There is a down-and-outness under true knowledge and a childlike happy arising from it.
(Franz Kafka (1883-1924), Prague German Jewish author, novelist. The Third Notebook, December 19, 1917. The Blue Octavo Notebooks, ed. Max Brod, trans. by Ernst Kaiser and Eithne Wilkins. Exact Change, Cambridge, MA (1991). Dearest Father: Stories and Other Writings, trans. by Ernst Kaiser and Eithne Wilkins, New York, Schocken Books (1954).)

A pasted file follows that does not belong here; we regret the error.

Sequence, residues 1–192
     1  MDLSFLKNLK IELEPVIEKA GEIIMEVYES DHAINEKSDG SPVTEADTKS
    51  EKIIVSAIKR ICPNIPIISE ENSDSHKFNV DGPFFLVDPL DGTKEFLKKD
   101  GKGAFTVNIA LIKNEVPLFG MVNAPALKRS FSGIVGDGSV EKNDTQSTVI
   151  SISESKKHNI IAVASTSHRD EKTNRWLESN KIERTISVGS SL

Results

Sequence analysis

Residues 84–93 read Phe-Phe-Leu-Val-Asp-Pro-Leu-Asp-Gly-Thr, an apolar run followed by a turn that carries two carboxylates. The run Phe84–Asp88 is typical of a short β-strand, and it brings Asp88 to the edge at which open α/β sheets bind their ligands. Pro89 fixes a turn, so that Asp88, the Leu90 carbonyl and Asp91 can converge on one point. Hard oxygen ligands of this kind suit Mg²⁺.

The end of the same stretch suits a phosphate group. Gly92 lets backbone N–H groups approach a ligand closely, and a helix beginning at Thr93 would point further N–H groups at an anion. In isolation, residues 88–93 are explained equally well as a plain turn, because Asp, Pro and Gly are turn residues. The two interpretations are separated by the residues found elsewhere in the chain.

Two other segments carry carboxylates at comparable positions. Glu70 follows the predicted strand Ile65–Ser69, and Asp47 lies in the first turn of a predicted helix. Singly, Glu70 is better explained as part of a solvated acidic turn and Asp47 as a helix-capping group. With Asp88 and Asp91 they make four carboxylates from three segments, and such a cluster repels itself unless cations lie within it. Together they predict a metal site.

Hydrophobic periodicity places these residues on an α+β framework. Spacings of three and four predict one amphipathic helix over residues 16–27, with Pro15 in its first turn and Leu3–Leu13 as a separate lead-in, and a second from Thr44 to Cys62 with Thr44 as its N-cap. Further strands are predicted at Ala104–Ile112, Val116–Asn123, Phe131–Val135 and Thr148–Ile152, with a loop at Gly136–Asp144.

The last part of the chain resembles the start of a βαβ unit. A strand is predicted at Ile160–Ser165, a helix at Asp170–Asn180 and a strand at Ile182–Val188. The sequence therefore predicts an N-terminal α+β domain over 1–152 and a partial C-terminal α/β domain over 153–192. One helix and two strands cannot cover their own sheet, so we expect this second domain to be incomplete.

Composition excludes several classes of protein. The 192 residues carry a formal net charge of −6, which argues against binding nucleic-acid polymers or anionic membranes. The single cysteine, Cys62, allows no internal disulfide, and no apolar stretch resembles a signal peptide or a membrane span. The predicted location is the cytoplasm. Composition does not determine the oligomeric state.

(Cesare Beccaria (1735-1794), Italian jurist, philosopher. On Crimes and Punishments, Introduction (1764).
Thomas Carlyle attributes a similar utterance to Charles de Montesquieu, in History of Frederick the Great (1858-1865) bk. 16, ch. 1: "Happy the people whose annals are blank in history-books!")
The American Dream, the idea of the happy ending, is an avoidance of responsibility and commitment.
(Jill Robinson (b. 1936), U.S. novelist. As quoted in American Dreams, book 1 part 1, by Studs Terkel (1980).
The daughter of movie producer Dore Schary, Robinson had grown up in Hollywood and was referring obliquely to the movie industry's preference for happy endings.)